CES 285 Comedy in the United States • 5 Cr.
Class title change starting Summer 2019
Comedy as Resistance • 5 Cr.
Surveys the history of American humor. Topics may include the Down East, Old Southwest, and Literary Comedian genres of the 19th century and the Purple Cow and Columnists humorists of the 20th century. Students may also analyze contemporary forms such as cartoons and stand-up comedy and analyze how they have been used to cope with social-cultural inequities. Previously AMST 285.
Description starting Summer 2019
Explore how comedy, humor, and satire are used to address social problems and push back against dominant culture. Students will examine historic and contemporary comedic forms such as blackface minstrelsy, political cartoons, and stand-up comedies and analyze how they have been used to critique and disrupt social-cultural stereotypes and inequities. We will also investigate the boundaries, politics, and different distinctions around something being ?just a joke.? Satisfies either Social Science or Humanities credit.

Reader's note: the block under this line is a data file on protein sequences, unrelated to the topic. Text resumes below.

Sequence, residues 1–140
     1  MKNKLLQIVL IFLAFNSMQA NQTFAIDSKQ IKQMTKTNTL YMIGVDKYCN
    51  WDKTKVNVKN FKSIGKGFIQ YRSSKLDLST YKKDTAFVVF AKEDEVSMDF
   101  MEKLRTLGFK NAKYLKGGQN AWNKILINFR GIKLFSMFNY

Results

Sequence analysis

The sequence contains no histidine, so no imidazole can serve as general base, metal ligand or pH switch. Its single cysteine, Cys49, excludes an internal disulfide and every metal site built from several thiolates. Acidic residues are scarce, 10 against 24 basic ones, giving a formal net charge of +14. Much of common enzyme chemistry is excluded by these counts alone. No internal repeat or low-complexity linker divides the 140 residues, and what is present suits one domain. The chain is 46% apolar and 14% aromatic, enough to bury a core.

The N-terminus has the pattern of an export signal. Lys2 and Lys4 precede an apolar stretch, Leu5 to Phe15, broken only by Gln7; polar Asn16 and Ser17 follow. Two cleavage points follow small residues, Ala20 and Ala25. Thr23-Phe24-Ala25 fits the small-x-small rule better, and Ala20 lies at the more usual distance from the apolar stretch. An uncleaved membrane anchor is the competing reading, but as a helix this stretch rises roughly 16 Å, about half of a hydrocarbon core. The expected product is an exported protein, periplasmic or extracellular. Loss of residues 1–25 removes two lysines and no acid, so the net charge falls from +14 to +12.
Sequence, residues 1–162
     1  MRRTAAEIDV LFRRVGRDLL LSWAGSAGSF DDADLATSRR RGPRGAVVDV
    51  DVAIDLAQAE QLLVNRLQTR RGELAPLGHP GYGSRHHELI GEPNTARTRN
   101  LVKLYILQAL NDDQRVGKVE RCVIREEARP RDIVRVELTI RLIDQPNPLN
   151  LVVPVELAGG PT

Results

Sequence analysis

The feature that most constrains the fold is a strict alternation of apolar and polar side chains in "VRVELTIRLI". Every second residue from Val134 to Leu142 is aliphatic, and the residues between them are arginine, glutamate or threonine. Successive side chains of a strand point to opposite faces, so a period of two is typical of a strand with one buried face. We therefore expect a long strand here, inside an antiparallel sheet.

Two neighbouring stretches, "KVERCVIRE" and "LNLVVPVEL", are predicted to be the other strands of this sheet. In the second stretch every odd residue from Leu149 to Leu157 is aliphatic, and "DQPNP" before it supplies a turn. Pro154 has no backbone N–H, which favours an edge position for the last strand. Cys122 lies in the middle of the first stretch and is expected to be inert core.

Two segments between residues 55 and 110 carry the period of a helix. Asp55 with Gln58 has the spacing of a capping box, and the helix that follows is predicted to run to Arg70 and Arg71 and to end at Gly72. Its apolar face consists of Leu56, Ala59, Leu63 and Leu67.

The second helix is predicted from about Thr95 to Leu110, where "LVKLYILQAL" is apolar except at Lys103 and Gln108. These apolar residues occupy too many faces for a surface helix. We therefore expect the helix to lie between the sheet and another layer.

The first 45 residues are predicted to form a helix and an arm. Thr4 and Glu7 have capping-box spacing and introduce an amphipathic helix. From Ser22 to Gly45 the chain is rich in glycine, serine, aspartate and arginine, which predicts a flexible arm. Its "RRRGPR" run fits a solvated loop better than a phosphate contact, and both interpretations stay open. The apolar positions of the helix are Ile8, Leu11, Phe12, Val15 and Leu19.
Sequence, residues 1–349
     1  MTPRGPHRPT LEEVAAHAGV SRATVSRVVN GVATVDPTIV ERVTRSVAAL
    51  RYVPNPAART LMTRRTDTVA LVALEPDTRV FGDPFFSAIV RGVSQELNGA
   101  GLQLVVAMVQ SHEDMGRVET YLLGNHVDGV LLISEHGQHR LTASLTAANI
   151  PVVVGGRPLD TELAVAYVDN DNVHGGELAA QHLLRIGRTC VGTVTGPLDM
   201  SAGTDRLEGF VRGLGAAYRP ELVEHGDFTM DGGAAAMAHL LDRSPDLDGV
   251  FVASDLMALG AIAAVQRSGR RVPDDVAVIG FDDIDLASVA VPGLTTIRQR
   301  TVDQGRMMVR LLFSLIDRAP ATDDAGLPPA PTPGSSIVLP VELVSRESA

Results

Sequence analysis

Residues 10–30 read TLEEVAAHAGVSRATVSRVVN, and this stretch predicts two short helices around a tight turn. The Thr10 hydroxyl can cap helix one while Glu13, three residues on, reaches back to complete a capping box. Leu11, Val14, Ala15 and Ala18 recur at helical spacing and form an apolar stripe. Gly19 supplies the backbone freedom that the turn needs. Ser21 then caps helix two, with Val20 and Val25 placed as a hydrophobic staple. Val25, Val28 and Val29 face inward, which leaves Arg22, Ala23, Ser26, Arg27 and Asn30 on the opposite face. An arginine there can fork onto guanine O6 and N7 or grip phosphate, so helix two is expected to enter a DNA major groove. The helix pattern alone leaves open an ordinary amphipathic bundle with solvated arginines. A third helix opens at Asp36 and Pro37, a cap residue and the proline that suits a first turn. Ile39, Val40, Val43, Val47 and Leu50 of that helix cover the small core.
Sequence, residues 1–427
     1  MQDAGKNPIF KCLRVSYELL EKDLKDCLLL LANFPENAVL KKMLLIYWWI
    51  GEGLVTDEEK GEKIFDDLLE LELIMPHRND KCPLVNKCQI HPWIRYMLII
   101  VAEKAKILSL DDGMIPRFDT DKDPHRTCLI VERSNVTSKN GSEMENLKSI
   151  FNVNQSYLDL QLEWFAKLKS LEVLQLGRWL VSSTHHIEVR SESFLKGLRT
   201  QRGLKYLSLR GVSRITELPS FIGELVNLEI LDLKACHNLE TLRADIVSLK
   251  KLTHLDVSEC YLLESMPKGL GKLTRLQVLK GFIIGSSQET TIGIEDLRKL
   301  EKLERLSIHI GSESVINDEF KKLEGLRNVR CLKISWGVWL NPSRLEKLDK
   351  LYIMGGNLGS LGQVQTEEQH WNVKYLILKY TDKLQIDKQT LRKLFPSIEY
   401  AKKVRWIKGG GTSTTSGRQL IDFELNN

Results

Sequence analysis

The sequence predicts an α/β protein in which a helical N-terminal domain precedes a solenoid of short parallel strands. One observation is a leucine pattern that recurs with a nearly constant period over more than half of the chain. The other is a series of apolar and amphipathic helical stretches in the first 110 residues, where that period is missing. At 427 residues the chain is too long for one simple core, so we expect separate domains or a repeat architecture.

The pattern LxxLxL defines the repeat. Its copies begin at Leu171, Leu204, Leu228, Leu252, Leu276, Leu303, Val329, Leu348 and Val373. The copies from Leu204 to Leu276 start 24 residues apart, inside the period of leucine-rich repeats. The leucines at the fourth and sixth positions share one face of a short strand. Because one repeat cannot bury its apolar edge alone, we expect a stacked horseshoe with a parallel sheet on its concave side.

After completing this class, students should be able to:
- Demonstrate an understanding of the histories, theories, and functions of laughter and humor in the U.S.
- Explore how race, politics, social issues, economics, gender, and culture inform humor and learn what comedy teaches us about the self and society
- Critically analyze how humor and comedy are used to critique systems of power and inequities
- Reflect on how humor functions in one's own life and how laughter is prompted by socially constructed understanding of differences